Serial arsonists often create a climate of fear in entire communities community leaders tend to compound the problem by pressuring law enforcement agencies to identify and quickly apprehend the fire setter often the arsonist evades apprehension for months while investigators become increasing frustrated by the lack of experience in handling these baffling cases
This type of arson usually involves a disorganized crime scene physical evidence is often present. The offender frequently uses available materials found at the scene and carries the source of ignition with them usually a long offender is involved.
The typical offender in this category is usually male. His age is generally younger than the single event arsonist. He tends to be a loner, but a secondary party may have knowledge of his activities. He will tend to be minimally educated and an underachiever. He generally has poor interpersonal relationships and is socially inadequate. Often he is unemployed and if he has an employment history it is erratic and involves little or no skill.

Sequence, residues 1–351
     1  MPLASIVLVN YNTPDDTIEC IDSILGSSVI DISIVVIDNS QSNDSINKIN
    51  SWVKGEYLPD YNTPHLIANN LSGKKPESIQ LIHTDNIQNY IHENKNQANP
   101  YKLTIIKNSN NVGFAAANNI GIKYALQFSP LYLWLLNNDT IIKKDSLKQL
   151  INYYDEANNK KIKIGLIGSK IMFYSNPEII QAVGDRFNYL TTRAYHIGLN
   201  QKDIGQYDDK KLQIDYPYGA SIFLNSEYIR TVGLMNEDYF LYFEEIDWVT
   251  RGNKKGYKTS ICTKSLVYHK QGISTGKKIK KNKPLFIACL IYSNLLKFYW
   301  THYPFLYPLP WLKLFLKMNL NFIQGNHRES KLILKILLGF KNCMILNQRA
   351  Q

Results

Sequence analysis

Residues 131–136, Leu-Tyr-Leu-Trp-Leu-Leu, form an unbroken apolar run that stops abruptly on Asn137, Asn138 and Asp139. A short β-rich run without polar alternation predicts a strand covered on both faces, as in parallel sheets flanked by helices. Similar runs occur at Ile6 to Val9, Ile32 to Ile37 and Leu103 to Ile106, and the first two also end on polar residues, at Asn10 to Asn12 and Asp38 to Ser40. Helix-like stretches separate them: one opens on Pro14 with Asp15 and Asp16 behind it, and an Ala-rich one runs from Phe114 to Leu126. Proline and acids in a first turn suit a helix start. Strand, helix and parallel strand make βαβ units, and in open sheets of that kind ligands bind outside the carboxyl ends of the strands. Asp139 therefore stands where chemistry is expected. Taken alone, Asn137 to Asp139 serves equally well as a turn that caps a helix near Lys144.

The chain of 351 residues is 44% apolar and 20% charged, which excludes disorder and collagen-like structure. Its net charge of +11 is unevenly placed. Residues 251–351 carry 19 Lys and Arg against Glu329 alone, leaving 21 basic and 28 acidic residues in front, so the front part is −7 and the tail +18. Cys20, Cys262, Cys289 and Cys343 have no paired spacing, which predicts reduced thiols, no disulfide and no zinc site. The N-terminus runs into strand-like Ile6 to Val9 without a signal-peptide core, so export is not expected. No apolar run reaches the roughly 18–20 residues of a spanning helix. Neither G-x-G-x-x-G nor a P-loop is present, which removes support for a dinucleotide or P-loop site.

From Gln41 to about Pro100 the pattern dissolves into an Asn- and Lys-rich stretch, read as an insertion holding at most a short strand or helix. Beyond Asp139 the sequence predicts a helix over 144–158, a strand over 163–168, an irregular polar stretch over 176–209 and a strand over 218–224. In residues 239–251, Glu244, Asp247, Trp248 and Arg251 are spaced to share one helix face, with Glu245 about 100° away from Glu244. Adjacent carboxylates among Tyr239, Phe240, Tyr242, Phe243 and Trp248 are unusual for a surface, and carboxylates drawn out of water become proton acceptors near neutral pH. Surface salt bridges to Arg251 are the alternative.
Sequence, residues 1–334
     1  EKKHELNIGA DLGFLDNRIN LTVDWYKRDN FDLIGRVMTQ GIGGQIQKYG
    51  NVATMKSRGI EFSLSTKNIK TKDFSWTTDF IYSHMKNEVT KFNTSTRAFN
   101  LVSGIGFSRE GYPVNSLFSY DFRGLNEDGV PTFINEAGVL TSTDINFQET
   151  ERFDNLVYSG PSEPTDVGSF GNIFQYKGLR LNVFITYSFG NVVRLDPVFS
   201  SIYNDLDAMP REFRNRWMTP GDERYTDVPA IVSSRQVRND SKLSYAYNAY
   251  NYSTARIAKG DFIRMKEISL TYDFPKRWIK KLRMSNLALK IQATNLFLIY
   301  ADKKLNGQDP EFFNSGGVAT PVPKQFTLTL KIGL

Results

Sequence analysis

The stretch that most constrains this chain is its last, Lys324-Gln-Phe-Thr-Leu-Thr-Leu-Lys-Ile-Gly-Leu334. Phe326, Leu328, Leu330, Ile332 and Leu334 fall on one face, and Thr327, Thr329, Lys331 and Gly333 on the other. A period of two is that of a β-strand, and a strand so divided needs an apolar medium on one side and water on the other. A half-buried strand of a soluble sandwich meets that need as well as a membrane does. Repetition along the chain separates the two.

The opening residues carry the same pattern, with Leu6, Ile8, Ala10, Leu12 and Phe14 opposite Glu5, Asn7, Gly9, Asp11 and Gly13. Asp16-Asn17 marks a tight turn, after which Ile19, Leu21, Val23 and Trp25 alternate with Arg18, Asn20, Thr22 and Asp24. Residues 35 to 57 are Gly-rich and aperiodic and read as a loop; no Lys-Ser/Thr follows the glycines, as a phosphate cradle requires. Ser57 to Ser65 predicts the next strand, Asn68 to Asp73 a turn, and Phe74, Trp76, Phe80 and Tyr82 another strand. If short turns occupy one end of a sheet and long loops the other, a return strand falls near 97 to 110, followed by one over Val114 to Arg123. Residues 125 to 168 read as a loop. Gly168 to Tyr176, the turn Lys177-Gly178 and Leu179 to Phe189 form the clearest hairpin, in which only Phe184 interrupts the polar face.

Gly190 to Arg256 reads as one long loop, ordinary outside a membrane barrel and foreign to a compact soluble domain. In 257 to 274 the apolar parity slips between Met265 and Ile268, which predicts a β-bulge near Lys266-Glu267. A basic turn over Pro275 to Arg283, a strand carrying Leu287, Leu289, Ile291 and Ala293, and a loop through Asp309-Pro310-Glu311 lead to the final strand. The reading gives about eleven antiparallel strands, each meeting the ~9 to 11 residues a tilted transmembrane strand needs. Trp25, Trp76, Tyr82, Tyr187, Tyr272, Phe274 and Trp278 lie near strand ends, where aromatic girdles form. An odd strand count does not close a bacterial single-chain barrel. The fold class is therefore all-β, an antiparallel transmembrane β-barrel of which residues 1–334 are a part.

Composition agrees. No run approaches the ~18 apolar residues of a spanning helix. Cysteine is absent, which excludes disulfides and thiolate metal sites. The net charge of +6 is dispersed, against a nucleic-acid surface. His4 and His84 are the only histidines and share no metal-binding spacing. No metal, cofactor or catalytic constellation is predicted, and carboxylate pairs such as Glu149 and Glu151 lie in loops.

Serial arsonists often have a history of substance abuse and a history of police contact/arrests for minor nuisance offenses. The offender walks to the scene of the fire and generally lives within one mile of the crime scene He is very likely familiar with the crime scene and could justify his presence in the area.
It is important to analyze the cluster centers of fire activity. The tighter the cluster the closer to the area of significance to the offender.
A subtype of the serial arsonist is the extremist serial arsonist. Research suggests that this offender is usually well educated and above average in intelligence. He is highly mobile and focuses his attacks on specific targets. He uses sophisticated incendiary devices. The crime scenes is organized and there is little or no physical evidence.
Sets fire at three or more separate locations with no emotional cooling off period between them.
Involves one offender who sets three or more fires at the same location during a limited time period.
Source Information: Winnipeg Police Service
Crime Classification Manual By John E Douglas, Ann W. Burgess, Allen G. Burgess and Robert K Ressler Lexington Books 1992